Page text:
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How organisations use technology to successfully improve and evolve their learning delivery 

Sue Thexton Sue Thexton Executive Vice President & Managing Director at OneFile

Almost 2 years since the start of the Covid-19 pandemic, we’re all aware of its considerable impact on the UK’s education and skills sector. Institutions have had to rapidly adapt their educational delivery such that remote and blended forms of education are widely available and encouraged. However, due to this rapid need to adopt technology most organisations haven’t had the time to carefully assess the effects it has on their learners, employer engagement, teaching quality and assessment. 

So, we thought it would be great to share with you some of our customer’s experiences: Jonathan Lawson from Manchester Metropolitan University (MMU) and, Sue Bright and Mike Blakeley from Exeter College spoke to us about the challenges they faced and how they embraced digital technology to successfully make significant improvements within their organisation. 

Manchester Metropolitan University 

For MMU, the initial challenges included having to reassure their employers that they’d continue to deliver a high-quality product and maintaining close contact with apprentices to let them know the university was thinking about them, understood their circumstances and was taking on their feedback. 

They commented: “We wanted to make sure we were delivering an interesting learning experience. The idea of doing a 3-hour lecture via webinar doesn’t fill anyone with delight, so we had to think differently and embrace the benefits online learning brings.” 

The benefit of online delivery was evident as tutors were able to personalise learning for each student. This was especially important in degree apprenticeships as cohorts include a wide range of ages, backgrounds and job roles. Jonathan leveraged the opportunity of online learning to create group workshops, reflective tasks and seminar activities that enabled students to draw directly from their job roles. 

 “Online learning has some great advantages for us that classroom learning simply doesn’t.” 

Exeter College 

Mike Blakeley from Exeter College explained the 3 main principles they implemented as soon as the pandemic started:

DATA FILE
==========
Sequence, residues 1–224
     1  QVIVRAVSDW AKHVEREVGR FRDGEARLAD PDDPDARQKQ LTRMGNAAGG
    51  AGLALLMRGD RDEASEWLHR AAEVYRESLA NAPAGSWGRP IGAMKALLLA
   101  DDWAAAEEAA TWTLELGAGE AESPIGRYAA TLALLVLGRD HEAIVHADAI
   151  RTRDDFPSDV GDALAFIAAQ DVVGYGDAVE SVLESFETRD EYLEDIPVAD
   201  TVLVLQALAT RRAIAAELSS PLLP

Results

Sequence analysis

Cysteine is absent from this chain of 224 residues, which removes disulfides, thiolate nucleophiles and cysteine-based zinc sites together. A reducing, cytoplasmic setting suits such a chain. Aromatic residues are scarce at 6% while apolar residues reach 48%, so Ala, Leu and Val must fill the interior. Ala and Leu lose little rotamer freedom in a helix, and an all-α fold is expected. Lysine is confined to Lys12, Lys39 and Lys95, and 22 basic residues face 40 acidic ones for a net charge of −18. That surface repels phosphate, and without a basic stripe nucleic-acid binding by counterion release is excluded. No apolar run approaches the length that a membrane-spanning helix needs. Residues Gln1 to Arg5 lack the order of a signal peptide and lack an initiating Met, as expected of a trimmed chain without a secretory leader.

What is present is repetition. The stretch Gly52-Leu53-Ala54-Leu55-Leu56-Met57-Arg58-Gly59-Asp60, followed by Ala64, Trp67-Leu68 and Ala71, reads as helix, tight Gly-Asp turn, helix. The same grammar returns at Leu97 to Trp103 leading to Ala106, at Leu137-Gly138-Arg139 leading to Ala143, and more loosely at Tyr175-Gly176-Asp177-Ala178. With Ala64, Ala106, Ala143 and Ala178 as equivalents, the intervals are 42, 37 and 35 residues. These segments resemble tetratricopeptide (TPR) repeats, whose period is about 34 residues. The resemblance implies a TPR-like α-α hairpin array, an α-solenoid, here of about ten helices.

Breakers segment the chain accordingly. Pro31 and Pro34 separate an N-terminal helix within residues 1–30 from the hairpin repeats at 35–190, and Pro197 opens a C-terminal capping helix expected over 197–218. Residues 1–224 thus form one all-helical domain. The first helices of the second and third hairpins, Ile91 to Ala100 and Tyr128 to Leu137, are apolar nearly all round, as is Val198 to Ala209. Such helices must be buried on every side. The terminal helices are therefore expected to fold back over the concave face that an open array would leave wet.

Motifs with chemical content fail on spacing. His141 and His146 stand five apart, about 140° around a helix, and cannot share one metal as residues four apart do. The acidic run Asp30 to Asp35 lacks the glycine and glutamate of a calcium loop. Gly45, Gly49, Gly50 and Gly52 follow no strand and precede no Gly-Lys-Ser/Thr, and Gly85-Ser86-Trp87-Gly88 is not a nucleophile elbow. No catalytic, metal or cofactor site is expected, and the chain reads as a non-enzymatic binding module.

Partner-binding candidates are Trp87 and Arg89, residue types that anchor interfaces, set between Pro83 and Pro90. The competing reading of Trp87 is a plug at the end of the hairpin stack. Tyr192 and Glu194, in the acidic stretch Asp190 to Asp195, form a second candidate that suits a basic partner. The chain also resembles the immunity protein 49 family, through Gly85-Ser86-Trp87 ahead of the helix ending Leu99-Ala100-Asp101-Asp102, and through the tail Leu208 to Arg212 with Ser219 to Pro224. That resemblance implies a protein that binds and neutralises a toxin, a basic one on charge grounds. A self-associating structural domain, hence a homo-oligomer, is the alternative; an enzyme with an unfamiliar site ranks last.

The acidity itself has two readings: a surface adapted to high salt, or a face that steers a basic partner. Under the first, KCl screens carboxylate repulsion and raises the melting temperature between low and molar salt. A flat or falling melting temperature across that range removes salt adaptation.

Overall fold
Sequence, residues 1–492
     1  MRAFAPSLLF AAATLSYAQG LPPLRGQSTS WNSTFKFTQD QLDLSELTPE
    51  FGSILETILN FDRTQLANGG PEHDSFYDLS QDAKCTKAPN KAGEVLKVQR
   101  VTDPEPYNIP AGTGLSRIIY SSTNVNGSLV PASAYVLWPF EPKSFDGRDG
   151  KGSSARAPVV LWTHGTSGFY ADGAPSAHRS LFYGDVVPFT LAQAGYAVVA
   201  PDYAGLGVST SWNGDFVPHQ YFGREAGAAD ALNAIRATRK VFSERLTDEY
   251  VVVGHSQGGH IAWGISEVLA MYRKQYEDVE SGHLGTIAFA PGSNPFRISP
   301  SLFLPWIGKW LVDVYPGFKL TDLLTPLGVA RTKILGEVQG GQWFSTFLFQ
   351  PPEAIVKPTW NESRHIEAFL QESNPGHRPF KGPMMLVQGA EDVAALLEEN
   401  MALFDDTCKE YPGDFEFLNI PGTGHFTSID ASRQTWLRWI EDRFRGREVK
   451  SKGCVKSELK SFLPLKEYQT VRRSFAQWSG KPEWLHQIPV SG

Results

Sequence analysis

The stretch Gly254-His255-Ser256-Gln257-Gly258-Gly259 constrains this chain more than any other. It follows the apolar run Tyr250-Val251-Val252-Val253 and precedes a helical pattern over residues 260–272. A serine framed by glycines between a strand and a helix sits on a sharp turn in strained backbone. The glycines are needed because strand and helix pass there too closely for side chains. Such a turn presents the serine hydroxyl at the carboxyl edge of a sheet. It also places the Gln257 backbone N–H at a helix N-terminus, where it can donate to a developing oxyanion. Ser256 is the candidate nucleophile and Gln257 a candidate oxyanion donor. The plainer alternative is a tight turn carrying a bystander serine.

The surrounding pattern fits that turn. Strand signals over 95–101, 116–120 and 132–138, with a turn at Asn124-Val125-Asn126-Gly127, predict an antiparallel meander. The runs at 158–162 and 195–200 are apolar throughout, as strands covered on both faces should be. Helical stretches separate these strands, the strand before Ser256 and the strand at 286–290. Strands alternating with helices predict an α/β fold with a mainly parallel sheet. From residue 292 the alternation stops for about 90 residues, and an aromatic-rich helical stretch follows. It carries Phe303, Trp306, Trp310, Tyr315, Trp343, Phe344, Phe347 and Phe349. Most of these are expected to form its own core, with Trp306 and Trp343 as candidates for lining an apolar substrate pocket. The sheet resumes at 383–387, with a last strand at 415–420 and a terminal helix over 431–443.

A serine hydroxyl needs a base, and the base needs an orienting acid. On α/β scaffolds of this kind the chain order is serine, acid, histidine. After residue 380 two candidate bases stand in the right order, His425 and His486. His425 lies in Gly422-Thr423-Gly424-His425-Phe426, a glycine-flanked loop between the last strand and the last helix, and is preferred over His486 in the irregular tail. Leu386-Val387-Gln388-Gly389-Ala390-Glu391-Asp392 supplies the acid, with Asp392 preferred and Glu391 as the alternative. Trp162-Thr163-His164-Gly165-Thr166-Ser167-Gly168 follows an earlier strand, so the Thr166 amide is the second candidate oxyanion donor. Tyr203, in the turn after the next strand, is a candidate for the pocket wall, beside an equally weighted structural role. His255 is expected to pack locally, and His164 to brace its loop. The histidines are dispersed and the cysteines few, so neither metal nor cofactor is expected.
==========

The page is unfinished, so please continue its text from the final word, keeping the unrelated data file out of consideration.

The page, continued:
1. Maintaining high-quality learning and delivery

They worked with their staff to understand how different technologies could be used to complement or replace face-to-face delivery and engage with individuals remotely. 

  1. Good quality assessment

Mike explained that it was really important that reviews became as meaningful as they could be. They recognised that students were under a lot of pressure within a period of national nervousness and uncertainty, so keeping regular contact was paramount. They immediately shortened the amount of time between formal reviews to 6 weeks, so learners felt well connected. 

  1. Excellent customer service and employer engagement

They wanted to make sure employers were engaged, so within the first 2 weeks, they spoke to every employer about how they were able to support them. They wanted to make sure that employers understood that, although their doors were closed, Exeter College was well and truly open. 

Mike then went on to explain their biggest challenge – understanding new ways of working in a short timeframe.

Mike commented: “Under pressure and our hands being forced, we’d made improvements that we didn’t have the confidence to do before. This situation has created huge momentum for us to put our aspirational changes into place.” 

Although some members of staff were fearful of new technology, they supported staff in the early days and after 3-4 weeks, everyone felt settled in the ‘new normal’. 

Sue Bright commented on how their learners have embraced online learning: 

“Exeter College has been using OneFile for over 10 years, and the system has stood up to scrutiny during lockdown and has helped our learners and employers stay engaged. Learners enjoyed the extra support and new styles of learning – shorter, sharper methods like 2-minute videos or quizzes on OneFile. They’re enjoying learning.” 

Exeter College used OneFile as the foundation of their remote delivery. Sue said: “We built more content and quizzes using the OneFile course builder. It’s taken a bit of time, but as tutors can send content to multiple learners and track progress online, it’s saved them loads of time in the long run.” 

Mike added: “We’ll continue to build our remote offering as staff have all the tools they need, learners and employers are more engaged, and delivery is far more efficient. Remote delivery has reduced travel costs and improved processes while maintaining a high quality of learning. In the longer term, we’ll see even better results. This situation may have forced us to think about things differently, but it’s meant that we’re offering better customer service.” 

There’s no better time for strategic change 

We hope the above provides some valuable insights into the challenges and advantages of embracing a new approach: how it benefits the learner, employer, tutors and the organisation as a whole.  

Although the impact of Covid has been terrible in so many ways, in this sector the pandemic has accelerated so many organisations’ digital strategy by around 3 years. If you’d like to find out how OneFile can help you accelerate your organisation’s digital journey and improve your learning delivery, please contact us here. 

The benefit of online delivery was evident as tutors were able to personalise learning for each student.

How organisations use technology to successfully improve and evolve their learning delivery